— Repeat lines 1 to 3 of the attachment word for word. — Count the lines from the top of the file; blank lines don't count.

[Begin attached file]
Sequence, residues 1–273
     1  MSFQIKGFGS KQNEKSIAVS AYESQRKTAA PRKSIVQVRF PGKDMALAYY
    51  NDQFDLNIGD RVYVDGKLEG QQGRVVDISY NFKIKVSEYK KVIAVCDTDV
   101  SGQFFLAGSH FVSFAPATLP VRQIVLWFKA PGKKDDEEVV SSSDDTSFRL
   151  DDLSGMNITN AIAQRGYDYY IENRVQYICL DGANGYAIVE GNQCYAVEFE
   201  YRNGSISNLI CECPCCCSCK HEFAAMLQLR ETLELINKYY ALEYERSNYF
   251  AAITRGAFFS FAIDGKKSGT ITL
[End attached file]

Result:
Sequence, residues 1–273
     1  MSFQIKGFGS KQNEKSIAVS AYESQRKTAA PRKSIVQVRF PGKDMALAYY
    51  NDQFDLNIGD RVYVDGKLEG QQGRVVDISY NFKIKVSEYK KVIAVCDTDV